Strewn throughout the hallways of the campus’s five main buildings, hang 100 broken, still or incorrect clocks; each a testament that the time for campus repair is long overdue.
Out of the total 227 clocks displayed in the hallways alone, some have lost covers and had their hands mangled and bent outwards, while some have lost their face completely, leaving an empty black circle hanging uselessly from the ceiling.
The broken clocks are only an ignored symptom of the larger infrastructure issue that Brooklyn College has been facing for years. With reports of broken bathroom fixtures, leaking ceilings and crumbling tiles as frequent occurrences, the number of ineffective clocks didn’t come as a surprise to students, faculty and staff.
A trending hashtag among students reads #brokelyncollege, usually accompanied by a picture of the campus disrepair. In a recent poll conducted by the Kingsman on a college community-based Facebook page, asking if students were either frustrated or indifferent about the broken clocks, the majority of the responses went to a student’s impromptu write-in option of “not surprised.”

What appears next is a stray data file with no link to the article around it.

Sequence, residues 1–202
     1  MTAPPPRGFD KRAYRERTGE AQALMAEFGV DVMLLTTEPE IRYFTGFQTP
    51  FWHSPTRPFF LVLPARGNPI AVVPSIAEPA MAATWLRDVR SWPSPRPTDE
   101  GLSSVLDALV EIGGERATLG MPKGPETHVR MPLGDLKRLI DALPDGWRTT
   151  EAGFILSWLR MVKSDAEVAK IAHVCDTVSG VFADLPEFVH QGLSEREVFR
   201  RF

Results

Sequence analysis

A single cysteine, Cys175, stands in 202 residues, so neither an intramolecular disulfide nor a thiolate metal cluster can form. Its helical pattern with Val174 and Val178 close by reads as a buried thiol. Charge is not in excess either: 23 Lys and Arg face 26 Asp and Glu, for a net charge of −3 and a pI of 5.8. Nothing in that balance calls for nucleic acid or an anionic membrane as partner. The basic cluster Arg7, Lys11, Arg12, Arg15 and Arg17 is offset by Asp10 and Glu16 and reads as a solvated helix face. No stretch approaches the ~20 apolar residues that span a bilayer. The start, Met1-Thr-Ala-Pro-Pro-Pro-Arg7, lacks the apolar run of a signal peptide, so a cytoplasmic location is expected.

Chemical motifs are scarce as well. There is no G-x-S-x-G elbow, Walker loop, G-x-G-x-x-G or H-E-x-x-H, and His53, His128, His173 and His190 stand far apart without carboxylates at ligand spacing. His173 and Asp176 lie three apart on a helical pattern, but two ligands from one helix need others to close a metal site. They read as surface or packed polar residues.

— Paisley Currah (@paisleycurrah) October 8, 2016
— Brooklyn College PSC (@psccunybc) October 6, 2016
President Anderson addressed the severity of the infrastructural issues last November at a presentation addressing the college’s budget.
“We know how serious this is and we know we have a problem,” said Anderson. “This isn’t even about preventative maintenance, this is how important critical maintenance is to CUNY. We have old buildings throughout CUNY and it’s critical that we get this critical maintenance to try to just upkeep the buildings and tread water.”
There are nine broken or incorrect clocks hanging in the hallways of Whitehead Hall.
The responsibility of Maintenance and Facilities covers 2.5 million square feet and 15 buildings across the 35 acres of campus. The staff of 147 full time employees handles everything from custodial to electric and plumbing to engineering and grounds, all of which have taken cuts due to the budget.
While Facilities has to prioritize the more serious issues, the smaller problems such as broken clocks or water fountains take the backburner, resulting in decades of deferred maintenance.